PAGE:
A PC government will recognize the struggle that hopeful parents face in becoming parents, by introducing financial support for fertility expenses in Nova Scotia.
“We understand that there are parents out there who are undergoing IVF treatment after IVF treatment pouring their life savings into it,” says Houston. “It’s time Nova Scotia joined other provinces in supporting those who have hopes of conceiving.”
Treatments can cost between $10,000 and $20,000 per cycle, making it financially inaccessible to many. Unlike other provinces including PEI, New Brunswick and Manitoba, Nova Scotia offers no assistance for couples struggling to conceive.
A PC government will cover roughly 40% of the cost of fertility treatments provided by a Nova Scotian licensed medical practitioner or infertility treatment clinic. Nova Scotians can claim up to a maximum of $20,000 in eligible costs, for a maximum of $8,000 per year.
Brittenay Bell is one of the many Nova Scotians who was faced with fertility barriers to expand her family. She and her husband Aaron went through - in their own words “six years of trying, three miscarriages, two full rounds of IVF, three embryo transfers and spent about $35,000 out of pocket to have their miracle, Nathan.’
“I still consider us one of the lucky ones because, after all, we have a baby when many don’t,” said Bell. “The need for assisted reproduction affects so many Nova Scotians. Yet, we continue to see our struggles downplayed, judged, and ignored. Even if you yourself aren’t going through it, chances are someone you know or love is.”
Bell said it’s important to share her story, so others understand that parents will take any step needed to be loving parents.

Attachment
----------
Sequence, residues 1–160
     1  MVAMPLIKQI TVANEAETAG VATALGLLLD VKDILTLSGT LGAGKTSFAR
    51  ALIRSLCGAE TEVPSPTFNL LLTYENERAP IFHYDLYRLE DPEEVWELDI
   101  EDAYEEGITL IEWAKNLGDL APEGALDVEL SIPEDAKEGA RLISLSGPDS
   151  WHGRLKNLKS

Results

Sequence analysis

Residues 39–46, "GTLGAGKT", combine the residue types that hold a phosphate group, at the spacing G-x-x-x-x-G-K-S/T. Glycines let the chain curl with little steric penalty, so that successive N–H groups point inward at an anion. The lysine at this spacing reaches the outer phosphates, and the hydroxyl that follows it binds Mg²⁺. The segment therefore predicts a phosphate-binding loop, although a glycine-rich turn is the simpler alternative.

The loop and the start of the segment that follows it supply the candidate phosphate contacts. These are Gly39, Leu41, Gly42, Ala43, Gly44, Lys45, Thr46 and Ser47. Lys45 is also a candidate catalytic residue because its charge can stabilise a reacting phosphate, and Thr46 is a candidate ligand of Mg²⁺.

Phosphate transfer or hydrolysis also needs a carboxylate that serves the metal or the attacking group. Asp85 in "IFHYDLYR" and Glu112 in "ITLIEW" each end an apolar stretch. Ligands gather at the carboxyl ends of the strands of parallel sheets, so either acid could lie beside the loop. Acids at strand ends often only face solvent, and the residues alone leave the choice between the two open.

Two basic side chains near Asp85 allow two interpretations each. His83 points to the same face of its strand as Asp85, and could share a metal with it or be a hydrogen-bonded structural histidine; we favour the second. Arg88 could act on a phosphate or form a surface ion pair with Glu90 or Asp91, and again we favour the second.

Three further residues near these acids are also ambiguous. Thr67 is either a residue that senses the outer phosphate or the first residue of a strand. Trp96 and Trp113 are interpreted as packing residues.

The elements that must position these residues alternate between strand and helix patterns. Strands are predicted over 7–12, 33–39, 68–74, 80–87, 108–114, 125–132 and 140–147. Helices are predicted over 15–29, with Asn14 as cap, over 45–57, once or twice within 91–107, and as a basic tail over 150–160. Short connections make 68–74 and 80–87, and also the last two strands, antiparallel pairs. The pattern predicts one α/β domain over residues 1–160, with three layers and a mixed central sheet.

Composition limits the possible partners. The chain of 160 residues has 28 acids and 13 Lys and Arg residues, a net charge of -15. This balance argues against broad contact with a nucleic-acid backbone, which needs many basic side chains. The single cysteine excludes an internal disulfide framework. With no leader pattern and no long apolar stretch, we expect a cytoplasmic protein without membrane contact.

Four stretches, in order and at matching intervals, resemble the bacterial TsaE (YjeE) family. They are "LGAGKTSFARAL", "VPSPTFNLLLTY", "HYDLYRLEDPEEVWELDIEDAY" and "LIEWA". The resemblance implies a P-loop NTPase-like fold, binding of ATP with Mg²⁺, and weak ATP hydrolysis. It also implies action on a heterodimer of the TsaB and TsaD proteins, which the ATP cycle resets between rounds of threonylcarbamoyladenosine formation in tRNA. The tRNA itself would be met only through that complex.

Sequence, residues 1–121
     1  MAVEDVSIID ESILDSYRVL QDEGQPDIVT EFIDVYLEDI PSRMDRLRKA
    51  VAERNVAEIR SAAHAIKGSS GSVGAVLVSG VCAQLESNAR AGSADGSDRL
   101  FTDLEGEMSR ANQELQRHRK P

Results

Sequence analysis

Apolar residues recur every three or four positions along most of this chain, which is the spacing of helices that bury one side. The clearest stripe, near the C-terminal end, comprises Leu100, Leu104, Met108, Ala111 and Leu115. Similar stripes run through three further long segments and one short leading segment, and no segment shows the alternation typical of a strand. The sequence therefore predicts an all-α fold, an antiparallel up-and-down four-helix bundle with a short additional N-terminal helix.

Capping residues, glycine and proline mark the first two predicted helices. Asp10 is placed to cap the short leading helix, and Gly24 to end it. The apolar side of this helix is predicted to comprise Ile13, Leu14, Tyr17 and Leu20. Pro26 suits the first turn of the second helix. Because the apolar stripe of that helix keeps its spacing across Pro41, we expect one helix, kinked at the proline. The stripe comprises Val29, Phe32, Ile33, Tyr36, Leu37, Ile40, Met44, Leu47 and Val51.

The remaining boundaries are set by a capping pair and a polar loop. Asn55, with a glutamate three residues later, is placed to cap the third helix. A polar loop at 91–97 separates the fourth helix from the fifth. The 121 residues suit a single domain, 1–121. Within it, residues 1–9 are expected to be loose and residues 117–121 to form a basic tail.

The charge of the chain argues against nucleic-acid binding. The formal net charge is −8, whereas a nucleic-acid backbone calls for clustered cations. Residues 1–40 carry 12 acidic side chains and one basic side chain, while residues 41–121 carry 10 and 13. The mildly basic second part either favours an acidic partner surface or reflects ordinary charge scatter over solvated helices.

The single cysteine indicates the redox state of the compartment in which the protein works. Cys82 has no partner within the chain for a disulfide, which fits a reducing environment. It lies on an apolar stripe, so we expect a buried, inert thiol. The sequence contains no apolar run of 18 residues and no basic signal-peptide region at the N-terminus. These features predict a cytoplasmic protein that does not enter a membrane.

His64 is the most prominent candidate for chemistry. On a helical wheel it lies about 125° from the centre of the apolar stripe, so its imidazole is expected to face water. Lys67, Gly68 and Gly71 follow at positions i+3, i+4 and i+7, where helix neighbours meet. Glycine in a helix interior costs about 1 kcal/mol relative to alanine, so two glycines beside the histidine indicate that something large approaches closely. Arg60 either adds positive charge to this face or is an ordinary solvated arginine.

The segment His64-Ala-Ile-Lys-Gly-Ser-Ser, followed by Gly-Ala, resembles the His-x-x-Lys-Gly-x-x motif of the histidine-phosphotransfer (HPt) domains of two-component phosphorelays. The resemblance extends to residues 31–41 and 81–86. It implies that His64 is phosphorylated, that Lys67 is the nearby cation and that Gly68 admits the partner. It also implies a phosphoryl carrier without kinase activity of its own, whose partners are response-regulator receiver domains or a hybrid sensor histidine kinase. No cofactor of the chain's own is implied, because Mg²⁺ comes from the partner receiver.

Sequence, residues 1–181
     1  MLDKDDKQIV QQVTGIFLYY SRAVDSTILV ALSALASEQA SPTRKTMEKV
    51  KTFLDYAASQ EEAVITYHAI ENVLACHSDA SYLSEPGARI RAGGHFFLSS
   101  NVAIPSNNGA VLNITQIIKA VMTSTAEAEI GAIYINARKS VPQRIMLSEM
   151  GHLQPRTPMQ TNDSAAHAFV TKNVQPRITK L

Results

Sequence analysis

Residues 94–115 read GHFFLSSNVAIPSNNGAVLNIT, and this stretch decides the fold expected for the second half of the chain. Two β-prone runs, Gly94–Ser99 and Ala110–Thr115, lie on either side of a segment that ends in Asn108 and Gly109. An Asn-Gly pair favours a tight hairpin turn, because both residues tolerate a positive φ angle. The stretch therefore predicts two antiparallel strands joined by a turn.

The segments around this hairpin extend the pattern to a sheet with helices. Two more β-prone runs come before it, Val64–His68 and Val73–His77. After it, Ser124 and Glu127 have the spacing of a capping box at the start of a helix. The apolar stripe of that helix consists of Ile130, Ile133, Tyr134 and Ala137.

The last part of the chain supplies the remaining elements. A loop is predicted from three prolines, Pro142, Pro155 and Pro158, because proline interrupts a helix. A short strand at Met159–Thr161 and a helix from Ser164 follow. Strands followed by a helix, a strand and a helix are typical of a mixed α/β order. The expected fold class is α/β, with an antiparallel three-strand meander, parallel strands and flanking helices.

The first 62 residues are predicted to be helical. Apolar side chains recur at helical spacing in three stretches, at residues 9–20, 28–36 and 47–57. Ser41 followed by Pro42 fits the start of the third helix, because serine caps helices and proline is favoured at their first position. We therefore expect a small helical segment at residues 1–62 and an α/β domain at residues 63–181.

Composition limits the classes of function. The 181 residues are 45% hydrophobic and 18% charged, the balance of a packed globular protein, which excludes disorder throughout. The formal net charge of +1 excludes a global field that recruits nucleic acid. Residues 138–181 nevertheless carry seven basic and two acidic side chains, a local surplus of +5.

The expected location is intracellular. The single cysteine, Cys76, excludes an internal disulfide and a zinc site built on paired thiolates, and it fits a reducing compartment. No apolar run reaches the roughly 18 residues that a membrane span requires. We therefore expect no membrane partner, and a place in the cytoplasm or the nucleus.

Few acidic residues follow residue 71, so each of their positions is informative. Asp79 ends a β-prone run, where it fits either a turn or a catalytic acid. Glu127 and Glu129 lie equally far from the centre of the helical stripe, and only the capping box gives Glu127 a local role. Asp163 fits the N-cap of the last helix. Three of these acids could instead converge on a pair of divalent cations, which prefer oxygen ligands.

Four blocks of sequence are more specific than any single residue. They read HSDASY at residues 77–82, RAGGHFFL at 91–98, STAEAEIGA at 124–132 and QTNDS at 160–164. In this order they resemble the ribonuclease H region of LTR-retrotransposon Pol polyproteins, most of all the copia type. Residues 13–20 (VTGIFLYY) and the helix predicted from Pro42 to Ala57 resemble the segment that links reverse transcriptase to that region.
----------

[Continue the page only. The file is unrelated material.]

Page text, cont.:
“This is such a small glimpse into our struggle,” says Bell. “It doesn’t truly capture the emotional and physical pain we endured, the burden we faced financially trying to make numbers work and skimping on anything we could, nor the toll it took on our mental health over those 6 years.”
Houston hopes Bell’s story will help change the narrative. Houston says leadership is about speaking up for everyone, noting that many in the 2SLGBTQ+ community are trying to become parents, and have no option but to pay the whole cost.
“My wife and I have been fortunate. I am not going to pretend I know what it’s like to struggle with infertility,” says Houston. “But for too many, it is expensive, inequitable, and stigmatizing. We’re going to talk about it, and support those who want to be parents.”
“These improvements will help a whole generation of Nova Scotian parents-to-be, and strengthen a future generation of little Nova Scotians.”
There is no comprehensive, national coverage for assisted fertility treatments.
“It is so encouraging to see the Progressive Conservative Party of Nova Scotia include a fertility treatment tax credit on their platform. This will help not only my family but so many other Nova Scotians,” says Bell. “It’s a wonderful starting point to get the conversation going and hopefully will one day lead to fertility treatment being fully covered.”